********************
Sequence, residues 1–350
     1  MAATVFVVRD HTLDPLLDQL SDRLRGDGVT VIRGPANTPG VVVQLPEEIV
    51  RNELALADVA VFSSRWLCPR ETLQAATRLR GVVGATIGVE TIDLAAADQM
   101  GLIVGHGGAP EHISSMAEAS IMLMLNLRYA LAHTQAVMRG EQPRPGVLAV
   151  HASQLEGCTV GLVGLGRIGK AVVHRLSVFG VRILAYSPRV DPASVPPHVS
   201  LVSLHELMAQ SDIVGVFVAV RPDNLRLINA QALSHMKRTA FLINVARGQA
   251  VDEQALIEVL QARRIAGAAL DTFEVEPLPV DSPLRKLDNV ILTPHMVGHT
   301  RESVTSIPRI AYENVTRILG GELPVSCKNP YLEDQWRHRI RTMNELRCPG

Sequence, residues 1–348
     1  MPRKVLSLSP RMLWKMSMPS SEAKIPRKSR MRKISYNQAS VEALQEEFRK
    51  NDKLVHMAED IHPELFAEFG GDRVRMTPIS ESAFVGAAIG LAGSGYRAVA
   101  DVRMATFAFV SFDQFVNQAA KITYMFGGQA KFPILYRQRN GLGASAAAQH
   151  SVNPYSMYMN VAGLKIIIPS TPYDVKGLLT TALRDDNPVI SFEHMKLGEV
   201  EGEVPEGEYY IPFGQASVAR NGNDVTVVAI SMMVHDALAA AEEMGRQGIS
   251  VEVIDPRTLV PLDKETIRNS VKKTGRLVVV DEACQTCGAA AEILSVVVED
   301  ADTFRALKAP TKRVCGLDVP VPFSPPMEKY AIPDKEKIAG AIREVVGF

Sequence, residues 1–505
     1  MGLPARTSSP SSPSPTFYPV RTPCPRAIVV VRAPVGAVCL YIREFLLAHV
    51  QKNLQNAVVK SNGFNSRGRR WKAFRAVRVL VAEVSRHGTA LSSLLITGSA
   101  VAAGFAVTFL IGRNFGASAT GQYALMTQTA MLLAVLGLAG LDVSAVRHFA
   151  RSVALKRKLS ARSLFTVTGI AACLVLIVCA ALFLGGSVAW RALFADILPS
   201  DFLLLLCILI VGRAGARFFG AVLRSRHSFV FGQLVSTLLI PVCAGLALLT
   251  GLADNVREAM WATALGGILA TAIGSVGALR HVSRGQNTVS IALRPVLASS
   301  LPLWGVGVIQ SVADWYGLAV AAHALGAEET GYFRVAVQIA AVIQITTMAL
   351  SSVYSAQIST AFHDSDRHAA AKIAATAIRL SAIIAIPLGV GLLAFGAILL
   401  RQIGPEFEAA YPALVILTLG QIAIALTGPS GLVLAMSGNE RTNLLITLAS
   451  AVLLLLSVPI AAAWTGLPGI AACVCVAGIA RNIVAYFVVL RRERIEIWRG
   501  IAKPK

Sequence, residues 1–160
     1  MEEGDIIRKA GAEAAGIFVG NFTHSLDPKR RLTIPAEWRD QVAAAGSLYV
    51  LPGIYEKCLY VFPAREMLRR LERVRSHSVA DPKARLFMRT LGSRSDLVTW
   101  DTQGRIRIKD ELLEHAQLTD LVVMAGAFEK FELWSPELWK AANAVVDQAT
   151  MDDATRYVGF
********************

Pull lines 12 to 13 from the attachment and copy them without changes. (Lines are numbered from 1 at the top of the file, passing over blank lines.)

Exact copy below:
   101  DVRMATFAFV SFDQFVNQAA KITYMFGGQA KFPILYRQRN GLGASAAAQH
   151  SVNPYSMYMN VAGLKIIIPS TPYDVKGLLT TALRDDNPVI SFEHMKLGEV